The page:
’s Beta version attracts tons of users…

Standard, what i like to call “our” version of Paypal has recently launched a refferal program to sign on users to its beta program. Refer someone to Amaana, and if they sign on you get rewards, such as money (Rs 25) or from what I hear, pre paid airtime. Its a good idea, they’ve got alot of users signed on, and this helps them put the actual product through its paces and resolve the issues they have been having with it before a formal launch.

Amaana has been around for more than a year, promising to make the dream of paying someone through your cellphone a reality. I get geeky goose bumps thinking I can pay my friends back for the lunch they bought me by using my cellphone! The business model has got immense potential, especially in our country where most people do not use a credit card online. Provided they get their product off the ground as soon as possible, they can be really successful…though the beta test has lasted several months now.

To sign on for the beta and try the service out go here:


8 thoughts on “’s Beta version attracts tons of users…

  1. yes it seems mobile phone payments will be used more ‘frequently’ than credit card payments. But i don’t see people paying more than 200 Rs via mobile phones. Most people will probably limit to 25-30 rs.

    credit card usage is must for higher value transactions. but then why did we ever invent the Rs. 5000 note?

  2. agreed, most cellphone transactions would not be more than 30 rs or so for the most part, 80% would probably be of low value…but then thats where the volumes are….there are more people each day who make a rs 20 payment than they are who make a rs 3000 payment…..

  3. You also have to look at another angle here, micro payment for anything “other” than telecommunication, comes under the perview of “banks/financial institutions” as per SBP’s definition. This is ONE reason why you haven’t seen Mobilink gone into mobile payments – because banks HAVE successfully argued that no one can unilaterally take payment, do accounts funds transfer, and pay for goods, electornically other than banks and SBP has conceeded to this.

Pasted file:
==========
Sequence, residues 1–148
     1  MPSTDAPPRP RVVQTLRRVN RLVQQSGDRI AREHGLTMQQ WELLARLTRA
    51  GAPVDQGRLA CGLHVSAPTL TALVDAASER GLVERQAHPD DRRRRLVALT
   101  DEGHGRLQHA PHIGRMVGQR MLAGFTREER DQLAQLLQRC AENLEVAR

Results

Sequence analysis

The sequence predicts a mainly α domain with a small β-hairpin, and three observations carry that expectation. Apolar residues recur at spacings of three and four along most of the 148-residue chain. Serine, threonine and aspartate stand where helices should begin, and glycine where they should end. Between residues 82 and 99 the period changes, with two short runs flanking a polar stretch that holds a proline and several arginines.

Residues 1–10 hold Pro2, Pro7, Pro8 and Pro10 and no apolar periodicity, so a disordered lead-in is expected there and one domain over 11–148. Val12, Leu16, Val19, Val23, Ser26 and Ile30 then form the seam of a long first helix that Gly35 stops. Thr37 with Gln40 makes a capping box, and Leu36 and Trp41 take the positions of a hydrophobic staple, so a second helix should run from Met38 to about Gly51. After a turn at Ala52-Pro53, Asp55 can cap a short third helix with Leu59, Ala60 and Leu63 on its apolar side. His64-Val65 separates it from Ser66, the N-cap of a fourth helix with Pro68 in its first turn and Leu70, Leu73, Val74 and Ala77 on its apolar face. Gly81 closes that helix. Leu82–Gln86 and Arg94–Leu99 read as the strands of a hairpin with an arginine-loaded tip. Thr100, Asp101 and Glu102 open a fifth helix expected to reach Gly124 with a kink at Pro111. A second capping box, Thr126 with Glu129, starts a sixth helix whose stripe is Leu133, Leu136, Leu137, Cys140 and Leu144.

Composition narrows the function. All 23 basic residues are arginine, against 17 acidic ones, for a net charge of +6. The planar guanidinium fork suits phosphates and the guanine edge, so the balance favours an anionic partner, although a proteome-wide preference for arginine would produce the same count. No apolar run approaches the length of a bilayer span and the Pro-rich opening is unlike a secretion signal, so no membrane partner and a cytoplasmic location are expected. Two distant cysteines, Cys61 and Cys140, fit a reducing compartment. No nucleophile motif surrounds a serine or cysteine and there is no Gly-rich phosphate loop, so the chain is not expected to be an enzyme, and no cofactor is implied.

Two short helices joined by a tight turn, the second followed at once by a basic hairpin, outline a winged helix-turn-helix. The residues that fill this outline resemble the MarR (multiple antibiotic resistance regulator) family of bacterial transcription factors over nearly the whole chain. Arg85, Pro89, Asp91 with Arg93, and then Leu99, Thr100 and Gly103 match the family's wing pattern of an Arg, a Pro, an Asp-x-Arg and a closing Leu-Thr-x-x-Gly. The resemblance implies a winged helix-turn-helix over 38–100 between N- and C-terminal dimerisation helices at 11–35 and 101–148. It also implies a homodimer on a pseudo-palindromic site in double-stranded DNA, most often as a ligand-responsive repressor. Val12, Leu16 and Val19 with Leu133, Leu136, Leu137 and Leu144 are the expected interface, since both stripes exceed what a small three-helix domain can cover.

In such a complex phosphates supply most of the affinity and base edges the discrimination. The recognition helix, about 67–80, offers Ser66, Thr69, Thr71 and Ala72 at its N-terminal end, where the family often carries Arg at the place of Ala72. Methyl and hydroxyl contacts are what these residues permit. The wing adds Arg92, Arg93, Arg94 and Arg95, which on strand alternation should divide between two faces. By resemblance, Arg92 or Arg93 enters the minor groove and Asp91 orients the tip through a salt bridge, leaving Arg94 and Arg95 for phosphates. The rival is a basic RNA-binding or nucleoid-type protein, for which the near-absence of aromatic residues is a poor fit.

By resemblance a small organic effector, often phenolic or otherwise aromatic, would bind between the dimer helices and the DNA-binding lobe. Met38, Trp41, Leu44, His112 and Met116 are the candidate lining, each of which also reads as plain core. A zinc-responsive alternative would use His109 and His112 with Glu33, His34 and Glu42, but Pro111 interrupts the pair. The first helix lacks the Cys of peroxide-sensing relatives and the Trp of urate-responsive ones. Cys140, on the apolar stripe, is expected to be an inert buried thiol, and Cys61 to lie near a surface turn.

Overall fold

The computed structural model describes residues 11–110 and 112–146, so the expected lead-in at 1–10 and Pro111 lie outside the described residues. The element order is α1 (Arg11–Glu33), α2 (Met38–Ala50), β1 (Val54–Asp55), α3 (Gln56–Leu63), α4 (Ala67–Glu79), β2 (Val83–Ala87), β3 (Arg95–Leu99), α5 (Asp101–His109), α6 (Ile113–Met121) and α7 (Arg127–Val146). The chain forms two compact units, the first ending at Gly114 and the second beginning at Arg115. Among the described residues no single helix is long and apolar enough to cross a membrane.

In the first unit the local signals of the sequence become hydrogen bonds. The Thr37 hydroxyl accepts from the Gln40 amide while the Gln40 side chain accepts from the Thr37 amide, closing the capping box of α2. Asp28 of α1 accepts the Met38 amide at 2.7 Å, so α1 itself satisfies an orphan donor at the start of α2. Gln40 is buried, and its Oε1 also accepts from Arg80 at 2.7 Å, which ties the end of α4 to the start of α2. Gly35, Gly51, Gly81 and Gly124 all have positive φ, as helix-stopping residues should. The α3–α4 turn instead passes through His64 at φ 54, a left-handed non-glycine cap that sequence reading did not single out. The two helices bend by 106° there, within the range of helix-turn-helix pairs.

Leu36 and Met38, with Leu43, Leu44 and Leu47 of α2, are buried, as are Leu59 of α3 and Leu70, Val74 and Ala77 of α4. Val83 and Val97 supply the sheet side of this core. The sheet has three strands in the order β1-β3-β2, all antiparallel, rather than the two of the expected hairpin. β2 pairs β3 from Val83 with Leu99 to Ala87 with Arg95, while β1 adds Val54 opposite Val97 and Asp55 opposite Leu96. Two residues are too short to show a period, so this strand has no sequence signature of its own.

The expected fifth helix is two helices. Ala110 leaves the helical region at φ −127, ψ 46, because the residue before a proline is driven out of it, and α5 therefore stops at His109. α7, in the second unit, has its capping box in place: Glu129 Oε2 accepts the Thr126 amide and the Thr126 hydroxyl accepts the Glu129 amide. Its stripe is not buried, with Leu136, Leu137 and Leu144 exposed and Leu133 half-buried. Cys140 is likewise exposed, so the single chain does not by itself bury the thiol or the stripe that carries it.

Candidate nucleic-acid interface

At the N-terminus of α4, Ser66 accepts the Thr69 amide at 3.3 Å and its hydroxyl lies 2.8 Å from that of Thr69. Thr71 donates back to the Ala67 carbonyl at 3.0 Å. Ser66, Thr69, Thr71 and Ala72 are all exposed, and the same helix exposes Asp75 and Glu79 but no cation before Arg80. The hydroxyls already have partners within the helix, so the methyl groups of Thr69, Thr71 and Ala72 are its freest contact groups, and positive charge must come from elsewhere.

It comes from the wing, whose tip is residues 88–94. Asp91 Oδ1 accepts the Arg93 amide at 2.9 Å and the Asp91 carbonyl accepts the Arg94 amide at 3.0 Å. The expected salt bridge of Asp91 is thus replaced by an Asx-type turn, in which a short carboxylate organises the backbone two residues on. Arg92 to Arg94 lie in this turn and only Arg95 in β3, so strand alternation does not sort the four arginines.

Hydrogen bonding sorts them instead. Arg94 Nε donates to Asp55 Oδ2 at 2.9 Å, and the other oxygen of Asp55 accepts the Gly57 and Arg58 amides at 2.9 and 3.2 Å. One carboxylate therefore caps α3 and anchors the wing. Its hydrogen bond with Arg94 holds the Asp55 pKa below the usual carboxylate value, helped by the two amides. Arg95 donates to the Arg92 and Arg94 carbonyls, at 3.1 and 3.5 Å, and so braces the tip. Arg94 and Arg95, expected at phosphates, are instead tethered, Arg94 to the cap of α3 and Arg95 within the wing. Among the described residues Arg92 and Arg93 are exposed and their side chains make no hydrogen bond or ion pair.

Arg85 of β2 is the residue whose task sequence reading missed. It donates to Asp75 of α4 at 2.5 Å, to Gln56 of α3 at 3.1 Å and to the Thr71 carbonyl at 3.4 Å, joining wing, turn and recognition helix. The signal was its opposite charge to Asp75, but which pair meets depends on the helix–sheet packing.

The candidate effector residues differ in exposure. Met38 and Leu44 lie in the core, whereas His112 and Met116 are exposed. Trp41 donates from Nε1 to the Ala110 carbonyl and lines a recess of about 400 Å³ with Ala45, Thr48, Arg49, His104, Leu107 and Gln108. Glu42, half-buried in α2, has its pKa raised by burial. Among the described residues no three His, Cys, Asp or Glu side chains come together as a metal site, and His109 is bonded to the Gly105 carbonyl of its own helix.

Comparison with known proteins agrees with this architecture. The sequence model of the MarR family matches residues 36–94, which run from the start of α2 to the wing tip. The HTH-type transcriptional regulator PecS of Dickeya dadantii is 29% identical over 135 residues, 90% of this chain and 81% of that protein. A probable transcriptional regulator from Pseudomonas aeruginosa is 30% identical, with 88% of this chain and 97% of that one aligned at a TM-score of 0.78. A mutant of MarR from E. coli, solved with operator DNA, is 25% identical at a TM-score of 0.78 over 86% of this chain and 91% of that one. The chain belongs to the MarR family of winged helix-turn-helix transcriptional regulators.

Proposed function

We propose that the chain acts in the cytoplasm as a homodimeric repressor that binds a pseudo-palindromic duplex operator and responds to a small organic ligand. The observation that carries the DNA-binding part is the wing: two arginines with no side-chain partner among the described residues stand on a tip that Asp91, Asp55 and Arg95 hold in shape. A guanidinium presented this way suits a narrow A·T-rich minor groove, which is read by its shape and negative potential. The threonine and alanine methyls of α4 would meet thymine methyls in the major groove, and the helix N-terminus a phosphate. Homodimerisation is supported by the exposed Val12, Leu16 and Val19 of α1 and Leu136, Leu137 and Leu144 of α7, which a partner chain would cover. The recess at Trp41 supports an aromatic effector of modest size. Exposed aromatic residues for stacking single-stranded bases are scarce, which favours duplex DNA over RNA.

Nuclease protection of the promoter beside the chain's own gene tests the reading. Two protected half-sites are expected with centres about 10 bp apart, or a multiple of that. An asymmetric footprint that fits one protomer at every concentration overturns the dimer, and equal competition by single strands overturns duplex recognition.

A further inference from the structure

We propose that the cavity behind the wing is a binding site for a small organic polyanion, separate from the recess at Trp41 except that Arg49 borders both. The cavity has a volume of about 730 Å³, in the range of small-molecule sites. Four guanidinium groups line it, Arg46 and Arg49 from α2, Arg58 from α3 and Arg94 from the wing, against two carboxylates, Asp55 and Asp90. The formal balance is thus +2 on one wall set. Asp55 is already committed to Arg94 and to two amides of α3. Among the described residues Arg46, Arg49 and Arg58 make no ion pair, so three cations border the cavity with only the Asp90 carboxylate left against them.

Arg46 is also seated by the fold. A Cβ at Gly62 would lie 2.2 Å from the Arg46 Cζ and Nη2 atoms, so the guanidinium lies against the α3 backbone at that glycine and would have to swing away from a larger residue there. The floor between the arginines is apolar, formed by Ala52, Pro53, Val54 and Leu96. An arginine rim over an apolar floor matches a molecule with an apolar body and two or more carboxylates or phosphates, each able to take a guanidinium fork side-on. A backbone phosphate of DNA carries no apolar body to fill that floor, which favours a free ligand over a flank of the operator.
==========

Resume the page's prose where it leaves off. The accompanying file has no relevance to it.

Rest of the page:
The other threat that permeates is that Orix Leasing’s financial network could also be threatened and also that PTA’s license is grey about micro-payment handling other than the license carrier’s own payments. Micro payments are anything under Rs. 2,000.

    Bottomline: I think when push comes to shove, banks will over-rule all.

  4. Amaana has actually been at it for almost four years. They initially were looking at a money transfer service but UBL’s click and remit service pre-empted them to reconsider.

    Pakistan’s badly needs such services, especially those that can be used to process customer payments online. Citybank approves about 1% of all e-merchant account applications and has virtually suspended new issuances. Sadly, it is the only bank in Pakistan issuing online merchant accounts.

    Amaana needs to prove that they can execute. They are currently trying to raise $500,000 in financing to help launch them forward and I hope they succeed. Otherwise their execution woes may continue.

  5. Imran Ali Rashid

    I think its a great idea and is very much needed.

    I was discussing the launch of a website with a friend and we were discussing payment models. Our audience includes a certain group of teenagers. They obviously will not have credit cards but most of them will have cell phones, so the idea of being able to pay for services through the cellphone is a dream come true for a lot of people.

  6. anon

    I heard about this service and none of it was good. Infact, apparently its not even working for the only service offered which is airtime. Probably related to the comments left on youtube about the poor financial management. reminds us of the word baymaana – as in untrustworthy.

    How can a service offering financial services operate in pakistan with strong competitors such as genie and techlogix and deny their existence as though they are not comparable.

    Anyhow, I’m skeptical about this amaana. Unfortunately too many companies come to pakistan offering a service that they feel people need, which they definately do in this case. However, many of those companies cry wolf and destroy the reputation of the industry leaving real opportunists with brilliant models and even better execution high and dry because of their poorly managed predecessors.

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